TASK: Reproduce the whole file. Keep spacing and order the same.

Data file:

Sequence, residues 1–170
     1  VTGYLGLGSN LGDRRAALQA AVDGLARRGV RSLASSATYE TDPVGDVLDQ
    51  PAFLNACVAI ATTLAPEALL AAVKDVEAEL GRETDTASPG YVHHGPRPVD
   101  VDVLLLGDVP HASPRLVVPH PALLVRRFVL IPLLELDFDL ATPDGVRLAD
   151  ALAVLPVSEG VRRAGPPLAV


Sequence, residues 1–170
     1  VTGYLGLGSN LGDRRAALQA AVDGLARRGV RSLASSATYE TDPVGDVLDQ
    51  PAFLNACVAI ATTLAPEALL AAVKDVEAEL GRETDTASPG YVHHGPRPVD
   101  VDVLLLGDVP HASPRLVVPH PALLVRRFVL IPLLELDFDL ATPDGVRLAD
   151  ALAVLPVSEG VRRAGPPLAV